An intervention is the best way to encourage an addicted person to accept the help that a treatment program can provide. When people are given an opportunity to learn more about their addictions, and they’re prompted to get help by people who love them and care for them, they may find the strength to take steps that just never seemed possible in the past.
Even though interventions can be so very helpful, some families never take advantage of the opportunity. Often, they don’t stage an intervention because they have persistent beliefs about these conversations that just aren’t true. These are four such misconceptions that could keep families from healing.
1. Interventions Always Involve Fighting
In an article produced for the Portland Business Journal, the mother of an addicted son suggests that she didn’t hold an intervention because she thought it would involve friends and family members wailing on her son. She wanted to spare her child the pain and discomfort that a talk like this might cause, and she thought skipping an intervention was the best way to achieve her goal.
In reality, an intervention can provide an incredible opportunity for healing, and conflict isn’t mandatory. Often, during these conversations, families simply express feelings of love and support, helping the addicted person to understand that healing is possible. No screaming, cursing or insults are required.
2. Interventions Work Best When the Addict Has Hit Rock Bottom
While people who have experienced strong and severe consequences due to addiction might be eager to change their ways for the better, families can certainly take action long before the person is in danger of losing everything. As the Mayo Clinic suggests, an intervention can provide an opportunity for the addict to make changes long before the situation grows dire.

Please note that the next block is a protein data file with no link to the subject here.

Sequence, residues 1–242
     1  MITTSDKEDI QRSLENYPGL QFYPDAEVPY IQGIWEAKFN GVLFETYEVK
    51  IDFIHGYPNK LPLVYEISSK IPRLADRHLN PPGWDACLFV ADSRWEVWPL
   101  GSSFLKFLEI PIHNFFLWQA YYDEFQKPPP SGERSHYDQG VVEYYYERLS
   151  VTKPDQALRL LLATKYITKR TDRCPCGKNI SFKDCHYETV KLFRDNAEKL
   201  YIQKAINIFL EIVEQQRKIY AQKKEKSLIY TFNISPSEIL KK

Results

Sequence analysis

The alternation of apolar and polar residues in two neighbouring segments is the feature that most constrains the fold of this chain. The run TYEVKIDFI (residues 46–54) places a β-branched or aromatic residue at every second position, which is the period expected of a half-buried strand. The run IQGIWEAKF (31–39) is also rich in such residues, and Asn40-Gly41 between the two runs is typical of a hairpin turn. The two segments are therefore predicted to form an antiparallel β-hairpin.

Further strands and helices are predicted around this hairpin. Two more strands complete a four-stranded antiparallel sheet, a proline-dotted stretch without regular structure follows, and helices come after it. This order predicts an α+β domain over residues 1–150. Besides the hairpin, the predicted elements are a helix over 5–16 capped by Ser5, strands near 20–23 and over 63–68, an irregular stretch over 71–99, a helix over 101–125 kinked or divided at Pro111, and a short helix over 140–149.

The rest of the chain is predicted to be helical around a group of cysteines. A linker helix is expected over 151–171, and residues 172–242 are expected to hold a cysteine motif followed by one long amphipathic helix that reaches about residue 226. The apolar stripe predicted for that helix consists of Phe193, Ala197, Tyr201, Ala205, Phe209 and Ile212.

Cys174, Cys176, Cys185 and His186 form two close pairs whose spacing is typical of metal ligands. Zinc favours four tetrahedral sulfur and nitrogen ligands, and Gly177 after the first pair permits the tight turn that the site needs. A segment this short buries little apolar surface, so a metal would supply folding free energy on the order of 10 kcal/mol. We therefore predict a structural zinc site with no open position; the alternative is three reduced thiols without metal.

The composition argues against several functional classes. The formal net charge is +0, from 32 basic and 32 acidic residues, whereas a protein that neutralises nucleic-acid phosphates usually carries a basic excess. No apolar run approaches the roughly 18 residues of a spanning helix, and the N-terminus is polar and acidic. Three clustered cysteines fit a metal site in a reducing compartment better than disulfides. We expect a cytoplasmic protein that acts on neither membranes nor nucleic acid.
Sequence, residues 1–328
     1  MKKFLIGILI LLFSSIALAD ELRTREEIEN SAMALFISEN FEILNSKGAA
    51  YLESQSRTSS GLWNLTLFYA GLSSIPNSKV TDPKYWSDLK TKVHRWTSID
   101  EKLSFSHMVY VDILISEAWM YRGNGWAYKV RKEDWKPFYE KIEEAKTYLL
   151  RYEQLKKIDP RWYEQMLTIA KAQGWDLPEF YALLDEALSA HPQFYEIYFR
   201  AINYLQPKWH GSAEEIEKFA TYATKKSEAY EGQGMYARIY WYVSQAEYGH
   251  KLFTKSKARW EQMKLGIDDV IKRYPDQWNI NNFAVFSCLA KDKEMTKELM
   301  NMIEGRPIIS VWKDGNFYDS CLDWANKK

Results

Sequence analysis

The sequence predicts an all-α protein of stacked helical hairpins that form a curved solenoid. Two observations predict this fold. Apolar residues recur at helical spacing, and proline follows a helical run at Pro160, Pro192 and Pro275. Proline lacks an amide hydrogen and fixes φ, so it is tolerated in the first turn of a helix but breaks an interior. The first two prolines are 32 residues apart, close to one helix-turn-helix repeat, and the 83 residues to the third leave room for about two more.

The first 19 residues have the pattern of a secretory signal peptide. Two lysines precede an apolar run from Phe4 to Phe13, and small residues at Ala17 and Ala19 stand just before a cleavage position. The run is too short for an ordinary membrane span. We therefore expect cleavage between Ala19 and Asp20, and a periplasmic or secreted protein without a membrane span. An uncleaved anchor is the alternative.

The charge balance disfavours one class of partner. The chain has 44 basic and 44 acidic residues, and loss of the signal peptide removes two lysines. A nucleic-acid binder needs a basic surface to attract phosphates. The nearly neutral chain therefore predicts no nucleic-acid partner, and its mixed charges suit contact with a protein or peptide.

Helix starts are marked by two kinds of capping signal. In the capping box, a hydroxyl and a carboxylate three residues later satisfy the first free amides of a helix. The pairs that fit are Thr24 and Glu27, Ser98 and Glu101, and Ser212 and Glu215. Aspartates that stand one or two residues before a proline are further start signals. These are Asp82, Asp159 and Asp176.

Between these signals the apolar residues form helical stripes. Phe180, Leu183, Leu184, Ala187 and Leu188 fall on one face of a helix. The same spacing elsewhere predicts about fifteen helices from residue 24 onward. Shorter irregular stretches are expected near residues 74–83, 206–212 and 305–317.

3. Interventions Are Just for Family Members
While parents, children, spouses and other members of an addict’s immediate family have access to specific details that are vital in an intervention, they’re not the only ones who can persuade an addict to change. In fact, many of the most successful interventions have included friends, coworkers, neighbors, clergy members and others who aren’t technically members of the family but who are close to the addict. Opening up the group in this way could allow the addicted person to really see the consequences of the addiction, and that might lead to long-lasting change.
4. There’s Only One Way to Hold an Intervention
Some families resist the idea of holding an intervention because they assume there’s only one way to hold the talk, and they don’t think that approach will work for the person they love. Different interventionists, however, have access to a variety of different intervention approaches, including:
All of these intervention approaches are different, and an intervention that works best for one might not be best for another. By hiring a professional, families might tap into just the right technique that can motivate the person in need. If you’d like to hire a professional to help your family to plan, please browse our online tool. We can help.